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I'm checking whether a multiplication table (Cayley table) satisfies the inverses axiom. Suppose I've already confirmed the identity axiom (but nothing else).

Which (if either) of the following statements are correct?

a) A multiplication table satisfies the inverses axiom if and only if the identity element appears once in each row and in each column and its occurrences are symmetrical with respect to the main diagonal.

b) A multiplication table satisfies the inverses axiom if and only if the identity element appears at least once in each row and in each column and its occurrences are symmetrical with respect to the main diagonal.

I feel that b) is correct, but some textbooks seem to suggest a).

Any help would be greatly appreciated,

Jack

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  • $\begingroup$ I'm not entirely sure about where you are heading, thus I only answer in a comment: Are you trying to show group axiomes, one at a time? If yes, you might want to remember that in a group, every element has a unique inverse. To show that you need associativity of the group, so depending on where you are heading, an element might actually have multiple inverses (however, that would be a really strange structure...). $\endgroup$ – Dirk Apr 11 '17 at 8:51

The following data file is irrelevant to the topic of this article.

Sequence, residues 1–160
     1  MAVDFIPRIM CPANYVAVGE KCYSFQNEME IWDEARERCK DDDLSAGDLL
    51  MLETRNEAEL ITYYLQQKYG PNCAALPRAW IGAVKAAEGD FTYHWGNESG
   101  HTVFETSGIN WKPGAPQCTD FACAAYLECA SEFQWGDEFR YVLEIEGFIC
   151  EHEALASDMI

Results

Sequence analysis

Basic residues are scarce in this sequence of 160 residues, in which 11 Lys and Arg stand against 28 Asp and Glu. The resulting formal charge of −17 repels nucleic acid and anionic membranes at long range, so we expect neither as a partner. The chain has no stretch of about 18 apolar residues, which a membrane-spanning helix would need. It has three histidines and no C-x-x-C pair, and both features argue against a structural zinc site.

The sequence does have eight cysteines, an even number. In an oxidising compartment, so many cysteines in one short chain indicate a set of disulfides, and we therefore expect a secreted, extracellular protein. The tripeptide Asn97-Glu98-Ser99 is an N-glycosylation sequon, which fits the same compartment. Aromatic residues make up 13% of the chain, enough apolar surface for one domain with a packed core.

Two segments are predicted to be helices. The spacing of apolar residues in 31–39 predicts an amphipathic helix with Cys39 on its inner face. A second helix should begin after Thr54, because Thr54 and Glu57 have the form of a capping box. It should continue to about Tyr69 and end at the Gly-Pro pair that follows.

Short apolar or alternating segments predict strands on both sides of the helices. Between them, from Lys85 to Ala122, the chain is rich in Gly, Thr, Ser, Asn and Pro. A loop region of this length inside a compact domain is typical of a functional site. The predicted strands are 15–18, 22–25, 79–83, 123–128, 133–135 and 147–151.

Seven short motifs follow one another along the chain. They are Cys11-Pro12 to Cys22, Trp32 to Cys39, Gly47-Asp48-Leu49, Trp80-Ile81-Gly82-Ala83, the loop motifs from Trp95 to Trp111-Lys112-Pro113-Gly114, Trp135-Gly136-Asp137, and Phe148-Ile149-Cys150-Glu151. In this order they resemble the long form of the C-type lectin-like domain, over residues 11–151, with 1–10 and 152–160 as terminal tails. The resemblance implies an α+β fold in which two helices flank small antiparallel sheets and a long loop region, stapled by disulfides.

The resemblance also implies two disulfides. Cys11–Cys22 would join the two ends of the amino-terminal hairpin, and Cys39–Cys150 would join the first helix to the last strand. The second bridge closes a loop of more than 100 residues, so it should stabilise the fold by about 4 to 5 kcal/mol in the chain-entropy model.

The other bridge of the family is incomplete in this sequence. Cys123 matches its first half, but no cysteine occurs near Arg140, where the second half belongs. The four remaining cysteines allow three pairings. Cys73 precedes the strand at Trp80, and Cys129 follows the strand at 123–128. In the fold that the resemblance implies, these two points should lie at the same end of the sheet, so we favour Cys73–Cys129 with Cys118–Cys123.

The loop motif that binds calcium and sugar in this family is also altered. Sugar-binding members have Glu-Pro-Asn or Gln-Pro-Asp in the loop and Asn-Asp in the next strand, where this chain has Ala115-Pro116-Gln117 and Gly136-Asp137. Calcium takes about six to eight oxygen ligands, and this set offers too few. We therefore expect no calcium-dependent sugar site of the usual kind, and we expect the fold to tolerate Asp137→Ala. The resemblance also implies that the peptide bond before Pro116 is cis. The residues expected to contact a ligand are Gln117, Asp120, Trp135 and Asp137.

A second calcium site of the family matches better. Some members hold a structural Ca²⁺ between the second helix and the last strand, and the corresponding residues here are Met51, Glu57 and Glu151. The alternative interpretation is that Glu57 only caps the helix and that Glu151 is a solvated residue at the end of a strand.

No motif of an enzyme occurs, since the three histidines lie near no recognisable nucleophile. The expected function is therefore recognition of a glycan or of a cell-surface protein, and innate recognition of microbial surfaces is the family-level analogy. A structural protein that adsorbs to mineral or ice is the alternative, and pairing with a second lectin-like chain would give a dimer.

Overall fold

• $\begingroup$ Thanks for your reply - I simply want to know how to check whether a Cayley table satisfies the inverses axiom (alone) at this stage - even if it doesn't (ultimately) define a group. $\endgroup$ – Jack Apr 11 '17 at 8:56
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    $\begingroup$ That depends on the definition of said axiom. Some authors might say "every element has an inverse", then you should go with b). Some might (already having the group they are aiming for in mind) say "every element has a unique inverse", then you should go with a). $\endgroup$ – Dirk Apr 11 '17 at 9:00
  • $\begingroup$ Thanks - I naively (?) assumed that the group axioms were set in stone. $\endgroup$ – Jack Apr 11 '17 at 9:05
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If you're talking about groups then yes, the inverse axiom often states that there exists an inverse, but doesn't state that the inverse is unique. However with the other axioms the inverse can be shown to be unique. Suppose that $b$ and $c$ are inverse to $a$ then we have:

$$b = b1 = b(ac) = (ba)c = 1c = c$$

So basically they're both correct if you have associativity. Since it doesn't matter some books may also use a stronger inverse axiom that says there's a unique inverse.

(IIRC one can also weaken the axioms somewhat. You can replace the identity and inverse with same one-sided variants and still have a group that would lead to a third possibility of table description)

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